A breakthrough technique could detect Parkinson's disease simply by using voice recordings from a thirty second phone call.
Parkinson's disease is a degenerative neurological disorder that affects around 6.5 million people throughout the world. The disease causes the degeneration of dopaminergic neurons which results in depleted levels of dopamine - the neurotransmitter that controls movement. Typical symptoms of the disease include slowness, rigidity, postural instability and the classic 'tremor at rest' that we associate with the disease.
Unfortunately there currently exists no cure or any reliable, definitive method of detection for the disease as the degeneration of the brain cells is not visible through any imaging techniques and there are no bio-markers which will show up in blood tests. Detection therefore is only possible through standardised medical tests administered by specialised neurologists. In Europe alone, 13.9 billion Euro is spent each year in the management of Parkinson's Disease. Some part of that expense would include these costly and resource demanding assessments.
Recent research as part of the Parkinson's Voice Initiative, however, shows promising in-roads to developing a cheap, simple and objective tool for the detection, monitoring and potential screening of the disease. Applied mathematician Max Little from MIT and the University of Oxford is leading the team that is testing a method by which they detect Parkinson's disease by using voice recordings from a thirty second phone call self-administered by the patient at home. "Just as the limbs are affected in Parkinson's, so too are the vocal organs" Dr Little explains, "and we see all the same symptoms; vocal tremor, weakness and rigidity and the speech actually becomes quieter and more breathy after a while". The method sees participants make prolonged "aaaah" sounds over the phone and algorithms are then applied to the data using the latest precision voice analysis software.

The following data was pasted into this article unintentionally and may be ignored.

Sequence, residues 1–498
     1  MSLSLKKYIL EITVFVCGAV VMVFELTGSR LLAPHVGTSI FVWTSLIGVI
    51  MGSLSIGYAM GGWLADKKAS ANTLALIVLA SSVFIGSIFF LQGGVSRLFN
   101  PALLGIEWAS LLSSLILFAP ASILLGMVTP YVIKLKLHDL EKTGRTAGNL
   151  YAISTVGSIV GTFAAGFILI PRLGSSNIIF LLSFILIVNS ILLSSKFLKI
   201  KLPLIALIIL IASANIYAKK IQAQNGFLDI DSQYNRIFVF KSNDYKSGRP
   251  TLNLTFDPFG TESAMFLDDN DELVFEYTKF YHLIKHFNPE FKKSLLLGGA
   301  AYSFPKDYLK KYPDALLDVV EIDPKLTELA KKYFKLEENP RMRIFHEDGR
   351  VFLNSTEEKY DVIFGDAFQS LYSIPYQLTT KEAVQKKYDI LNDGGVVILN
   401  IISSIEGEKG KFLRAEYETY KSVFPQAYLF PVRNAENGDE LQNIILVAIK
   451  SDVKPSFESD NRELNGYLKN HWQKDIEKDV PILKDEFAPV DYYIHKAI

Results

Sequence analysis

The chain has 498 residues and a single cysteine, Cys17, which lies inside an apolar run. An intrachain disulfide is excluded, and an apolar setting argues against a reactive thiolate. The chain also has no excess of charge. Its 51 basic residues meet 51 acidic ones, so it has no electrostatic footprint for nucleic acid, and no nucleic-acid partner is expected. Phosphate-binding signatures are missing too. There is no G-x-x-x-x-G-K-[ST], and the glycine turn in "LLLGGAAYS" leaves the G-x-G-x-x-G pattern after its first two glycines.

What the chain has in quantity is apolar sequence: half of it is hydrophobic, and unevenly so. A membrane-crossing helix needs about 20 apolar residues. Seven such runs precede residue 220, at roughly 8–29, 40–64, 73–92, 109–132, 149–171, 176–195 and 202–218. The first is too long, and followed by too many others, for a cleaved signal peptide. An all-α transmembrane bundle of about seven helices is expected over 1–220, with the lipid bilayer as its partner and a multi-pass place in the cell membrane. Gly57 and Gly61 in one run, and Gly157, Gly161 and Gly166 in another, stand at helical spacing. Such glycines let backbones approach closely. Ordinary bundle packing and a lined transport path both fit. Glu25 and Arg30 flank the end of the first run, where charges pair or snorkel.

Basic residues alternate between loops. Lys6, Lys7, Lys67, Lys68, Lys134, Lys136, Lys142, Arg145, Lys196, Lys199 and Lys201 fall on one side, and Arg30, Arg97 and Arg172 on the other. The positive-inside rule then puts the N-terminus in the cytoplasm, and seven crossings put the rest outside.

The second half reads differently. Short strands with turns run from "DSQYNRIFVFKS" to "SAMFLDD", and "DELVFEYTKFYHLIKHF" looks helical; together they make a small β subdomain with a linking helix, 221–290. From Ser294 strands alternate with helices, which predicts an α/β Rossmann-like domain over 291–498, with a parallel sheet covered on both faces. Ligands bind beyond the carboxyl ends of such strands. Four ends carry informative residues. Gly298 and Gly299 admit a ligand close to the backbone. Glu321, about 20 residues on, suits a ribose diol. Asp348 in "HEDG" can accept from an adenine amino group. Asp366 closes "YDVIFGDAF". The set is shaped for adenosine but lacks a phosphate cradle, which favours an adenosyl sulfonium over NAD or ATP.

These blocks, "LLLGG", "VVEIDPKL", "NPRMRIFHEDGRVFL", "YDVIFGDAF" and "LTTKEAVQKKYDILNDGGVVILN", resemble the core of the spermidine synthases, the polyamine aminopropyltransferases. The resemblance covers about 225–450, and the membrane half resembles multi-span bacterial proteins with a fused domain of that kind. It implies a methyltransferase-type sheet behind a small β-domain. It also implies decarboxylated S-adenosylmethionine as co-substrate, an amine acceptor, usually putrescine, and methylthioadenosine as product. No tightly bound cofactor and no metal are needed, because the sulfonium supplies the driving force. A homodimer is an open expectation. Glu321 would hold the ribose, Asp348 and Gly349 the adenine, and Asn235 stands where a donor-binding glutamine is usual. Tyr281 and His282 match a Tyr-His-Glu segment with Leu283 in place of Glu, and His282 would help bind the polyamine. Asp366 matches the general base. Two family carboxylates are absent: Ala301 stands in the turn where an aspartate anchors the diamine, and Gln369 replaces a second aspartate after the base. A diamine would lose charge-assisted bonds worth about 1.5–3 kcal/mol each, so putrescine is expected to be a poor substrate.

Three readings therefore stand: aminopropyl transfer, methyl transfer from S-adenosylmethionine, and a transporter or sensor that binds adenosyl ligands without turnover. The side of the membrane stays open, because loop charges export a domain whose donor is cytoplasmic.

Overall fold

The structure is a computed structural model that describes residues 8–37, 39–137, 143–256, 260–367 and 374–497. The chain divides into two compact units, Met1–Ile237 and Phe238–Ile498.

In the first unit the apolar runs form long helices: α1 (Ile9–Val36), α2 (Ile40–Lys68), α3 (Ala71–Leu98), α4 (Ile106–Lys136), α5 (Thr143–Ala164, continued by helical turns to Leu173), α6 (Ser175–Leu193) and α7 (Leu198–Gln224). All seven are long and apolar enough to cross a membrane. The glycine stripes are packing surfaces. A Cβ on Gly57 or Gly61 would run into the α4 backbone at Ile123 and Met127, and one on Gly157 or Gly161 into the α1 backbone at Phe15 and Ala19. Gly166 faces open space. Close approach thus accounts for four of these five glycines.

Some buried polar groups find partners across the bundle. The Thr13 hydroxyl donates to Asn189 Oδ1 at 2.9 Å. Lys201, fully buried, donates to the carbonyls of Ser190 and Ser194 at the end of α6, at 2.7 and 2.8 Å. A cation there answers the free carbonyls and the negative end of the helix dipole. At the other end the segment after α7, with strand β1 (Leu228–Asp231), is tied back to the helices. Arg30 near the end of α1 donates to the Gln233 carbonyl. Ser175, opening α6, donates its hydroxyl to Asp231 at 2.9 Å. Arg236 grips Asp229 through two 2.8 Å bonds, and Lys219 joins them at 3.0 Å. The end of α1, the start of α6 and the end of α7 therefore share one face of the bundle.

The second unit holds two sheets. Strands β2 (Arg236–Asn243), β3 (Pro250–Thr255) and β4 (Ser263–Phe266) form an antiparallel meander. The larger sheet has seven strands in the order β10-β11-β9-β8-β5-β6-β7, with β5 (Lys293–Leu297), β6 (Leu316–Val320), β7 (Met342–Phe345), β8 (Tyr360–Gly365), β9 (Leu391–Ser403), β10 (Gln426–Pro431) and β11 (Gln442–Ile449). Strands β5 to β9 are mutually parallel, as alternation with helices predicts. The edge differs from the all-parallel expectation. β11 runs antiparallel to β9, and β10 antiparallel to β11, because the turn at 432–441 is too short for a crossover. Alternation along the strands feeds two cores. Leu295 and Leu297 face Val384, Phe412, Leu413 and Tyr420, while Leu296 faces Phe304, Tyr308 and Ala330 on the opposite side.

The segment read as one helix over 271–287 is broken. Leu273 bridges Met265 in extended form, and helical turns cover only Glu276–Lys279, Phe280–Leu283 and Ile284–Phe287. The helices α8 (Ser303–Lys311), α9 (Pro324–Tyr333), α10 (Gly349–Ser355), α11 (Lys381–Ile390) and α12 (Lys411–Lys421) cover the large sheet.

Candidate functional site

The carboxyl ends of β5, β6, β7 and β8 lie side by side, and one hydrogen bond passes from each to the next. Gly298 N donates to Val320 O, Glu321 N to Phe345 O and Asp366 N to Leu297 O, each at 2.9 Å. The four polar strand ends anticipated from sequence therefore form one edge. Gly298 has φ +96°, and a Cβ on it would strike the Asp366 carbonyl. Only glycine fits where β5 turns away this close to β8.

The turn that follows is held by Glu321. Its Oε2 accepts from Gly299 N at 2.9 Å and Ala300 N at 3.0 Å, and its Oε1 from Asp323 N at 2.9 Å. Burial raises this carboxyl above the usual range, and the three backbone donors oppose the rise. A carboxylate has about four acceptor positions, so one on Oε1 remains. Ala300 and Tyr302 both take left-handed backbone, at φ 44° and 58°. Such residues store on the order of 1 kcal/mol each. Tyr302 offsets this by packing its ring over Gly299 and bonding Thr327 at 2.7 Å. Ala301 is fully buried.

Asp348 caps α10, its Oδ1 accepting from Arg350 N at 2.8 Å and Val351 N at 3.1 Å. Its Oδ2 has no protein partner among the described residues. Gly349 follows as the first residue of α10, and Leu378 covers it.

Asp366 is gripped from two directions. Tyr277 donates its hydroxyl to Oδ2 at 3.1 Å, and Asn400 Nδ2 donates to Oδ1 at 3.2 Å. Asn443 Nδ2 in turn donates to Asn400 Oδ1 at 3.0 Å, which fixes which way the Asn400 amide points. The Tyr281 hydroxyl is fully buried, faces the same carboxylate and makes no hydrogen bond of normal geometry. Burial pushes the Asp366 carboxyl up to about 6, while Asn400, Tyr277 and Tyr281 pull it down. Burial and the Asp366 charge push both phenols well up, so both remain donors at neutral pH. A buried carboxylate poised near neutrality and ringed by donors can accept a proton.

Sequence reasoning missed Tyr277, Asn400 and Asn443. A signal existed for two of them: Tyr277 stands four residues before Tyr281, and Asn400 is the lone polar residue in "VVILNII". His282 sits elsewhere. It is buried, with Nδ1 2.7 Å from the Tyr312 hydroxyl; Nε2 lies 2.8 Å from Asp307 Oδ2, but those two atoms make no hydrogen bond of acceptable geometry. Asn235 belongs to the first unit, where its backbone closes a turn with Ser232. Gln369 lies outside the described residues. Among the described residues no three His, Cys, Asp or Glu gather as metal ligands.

In the samples collected to date, this method has been able to detect healthy and Parkinson's voice signals to a level of 99% accuracy. These voice signal tests are high speed, ultra low cost and logistically very feasible, all of which makes them highly scalable. "We can make population scale screening feasible for the first time" explains Dr Little, "and we have the opportunity to start to search for the early biomarkers of the disease before it's too late".